Data can change the bucket it's in but as you go up, the bucket hierarchy carries risk and irreversibility. The primary risks we can consider are leaks – data getting unwililngly exposed, and privilege escalation – data being used to gain access to data not intended for your eyes. The instant I post a private photo of myself to a social network, even if I later delete it, I cannot fully return it to a private state. It's possible that someone or some piece of software saved a copy. Similarly, shared data carries publicity risk. I may trust a friend with a draft of this blog post, but there's not much I can do to prevent them from making it public data. One strategy to reduce access risk is to change the longevity of access. Put plainly, if I publish a shared link to my personal photo album, the longer that link resolves to my photos, the higher chance it'll get into the wrong hands. If I change the link on a regular cadence I begin a cat-and-mouse game to reduce my risk (and put a burden on all my friends).
Data longevity or how long a piece of data is considered valid, and risk or how long a piece of data carries a risk if it is exposed are closely related considerations. If I rotate my password for an account every month, and have a bunch of my old, rotated passwords leaked there's no risk assuming I practice good password hygiene. However, my SSN or an old medical record may forever carry personal risk if leaked. PII, or Personally Identifiable Information, is what leads to really fun regulations like GDPR, CPPA, and many others. If you're not careful with the data you store you could get an unwelcome knock on the door.
The longer data carries risk the more we should treat it like toxic waste. The most straightforward way to mitigate data longevity risk is to reduce the longevity of your data. Changing your passwords frequently is an example which has a hard time generalizing. Much data is out of our control, and when it is in our control we can't affect its temporal-relevance. We cannot rotate our SSN every month. We cannot rewrite our health information. We can change the identifiers of our data (filenames, content addresses) and the means by which it is accessed (storage systems, URIs).
In designing systems, considering how to make "leak irrelevant" should be the topmost consideration. In web3 apps, it's often really hard to make your data leak irrelevant because so much of it is public anyway. What isn't fully public, or what's public and encrypted consider limiting.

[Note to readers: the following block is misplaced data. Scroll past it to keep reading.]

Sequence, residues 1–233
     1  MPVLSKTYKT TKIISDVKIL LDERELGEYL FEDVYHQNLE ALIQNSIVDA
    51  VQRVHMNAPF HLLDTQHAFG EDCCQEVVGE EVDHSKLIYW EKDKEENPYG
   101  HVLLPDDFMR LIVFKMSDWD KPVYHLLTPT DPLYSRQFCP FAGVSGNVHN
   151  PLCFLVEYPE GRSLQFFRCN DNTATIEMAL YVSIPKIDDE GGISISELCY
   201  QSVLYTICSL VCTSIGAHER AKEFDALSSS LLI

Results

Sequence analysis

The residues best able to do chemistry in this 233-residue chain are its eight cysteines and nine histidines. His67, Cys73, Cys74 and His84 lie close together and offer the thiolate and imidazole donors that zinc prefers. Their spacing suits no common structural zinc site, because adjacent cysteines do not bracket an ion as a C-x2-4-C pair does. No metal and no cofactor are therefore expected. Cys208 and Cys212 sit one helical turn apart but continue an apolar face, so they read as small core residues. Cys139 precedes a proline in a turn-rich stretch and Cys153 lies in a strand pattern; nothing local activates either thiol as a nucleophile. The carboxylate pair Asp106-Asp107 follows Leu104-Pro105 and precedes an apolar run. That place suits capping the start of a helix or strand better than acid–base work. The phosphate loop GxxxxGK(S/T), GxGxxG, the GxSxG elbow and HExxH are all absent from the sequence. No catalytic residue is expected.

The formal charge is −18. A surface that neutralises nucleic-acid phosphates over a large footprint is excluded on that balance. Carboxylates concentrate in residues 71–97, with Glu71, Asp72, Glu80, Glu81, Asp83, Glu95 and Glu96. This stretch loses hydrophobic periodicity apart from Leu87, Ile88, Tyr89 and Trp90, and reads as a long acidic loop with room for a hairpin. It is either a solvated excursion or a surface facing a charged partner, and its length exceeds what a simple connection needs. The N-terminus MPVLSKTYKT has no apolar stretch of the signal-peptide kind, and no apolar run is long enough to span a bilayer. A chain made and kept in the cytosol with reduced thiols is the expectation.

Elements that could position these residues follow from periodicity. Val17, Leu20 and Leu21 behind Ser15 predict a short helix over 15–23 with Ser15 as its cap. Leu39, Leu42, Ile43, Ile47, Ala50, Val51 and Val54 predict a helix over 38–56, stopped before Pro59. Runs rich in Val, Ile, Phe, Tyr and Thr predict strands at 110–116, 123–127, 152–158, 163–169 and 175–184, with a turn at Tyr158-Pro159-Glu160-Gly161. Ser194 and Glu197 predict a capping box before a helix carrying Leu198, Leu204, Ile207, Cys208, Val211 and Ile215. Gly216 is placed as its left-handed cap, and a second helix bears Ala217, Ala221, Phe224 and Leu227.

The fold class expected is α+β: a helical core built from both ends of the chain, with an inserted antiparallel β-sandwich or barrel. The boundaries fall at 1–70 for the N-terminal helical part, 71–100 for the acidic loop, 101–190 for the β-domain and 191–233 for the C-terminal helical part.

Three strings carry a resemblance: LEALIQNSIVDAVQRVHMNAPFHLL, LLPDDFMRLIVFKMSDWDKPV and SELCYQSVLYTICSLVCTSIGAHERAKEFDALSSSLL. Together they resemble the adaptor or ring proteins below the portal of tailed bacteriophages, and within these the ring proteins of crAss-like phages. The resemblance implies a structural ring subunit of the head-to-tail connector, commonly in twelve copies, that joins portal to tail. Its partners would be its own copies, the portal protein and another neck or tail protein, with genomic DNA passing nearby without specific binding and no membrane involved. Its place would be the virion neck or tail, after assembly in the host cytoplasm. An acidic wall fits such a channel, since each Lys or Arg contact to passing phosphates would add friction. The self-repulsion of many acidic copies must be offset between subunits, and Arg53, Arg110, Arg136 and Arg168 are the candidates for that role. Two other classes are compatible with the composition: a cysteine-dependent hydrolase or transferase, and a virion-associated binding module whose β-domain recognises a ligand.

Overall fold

Correlation risk is stringing together multiple pieces of data which independently don't leak information, but together do. Let's consider a contrived example:
An individual is searching for a new job and starts applying online to a number of companies across borders. One international company has 'age' as a required field on the job application, perfectly legal in its jurisdiction. No other companies applied to in the US ask for such information. Unknowingly, the individual applied to a company in the US which is a subsidiary of the international company. This company has questionable ethics, and as such shares the applicant's age with the US team, resulting in the candidate being unfairly disqualified for the position.
This may seem far-fetched, but similar correlations happen all the time. Probably one of the most prevalent examples is in the advertising industry: user X bought product A on our site, and product B on your site, user Y bought product B on your site, so let's show them ads for product A on our site.
The lesson from correlative risk is the more you give away, the more your data can be used against you. Who knows what associations will be made between all the pieces of data you publicize. And it goes further than that – who knows how your data will be used to make inferences about the groups and systems you are a part of, and how your data mixed with the data of millions will strengthen targeted influence machines**.** Fortunately, legislators are at work to limit such systems. On blockchains, a similar risk is rampant. Associating your financial data (blockchain wallet) with identity-based web3 applications (ENS, OpenSea, BAYC), Discord communities, forums, Telegram groups, and countless others, exposes you to significant correlation risk. Tooling to prevent such risk is lacking and so is the conversation around the risk. Beware of all the immutable breadcrumbs you leave behind.
Obfuscation is a method by which you hide meaningful data inside meaningless data. To the untrained eye, the data may be gibberish, to the trained, meaningful. Obfuscation can also be done to subvert data mining and other predatory algorithms. One of my favorite talks from DEFCON28 was from a guy who created a tool to fill all his social media accounts with bogus information. Imagine taking your name and creating dozens or hundreds of fake profiles using it filled with photos, preference data, writing, and more. Someone searching for authentic data about you will have a much harder time!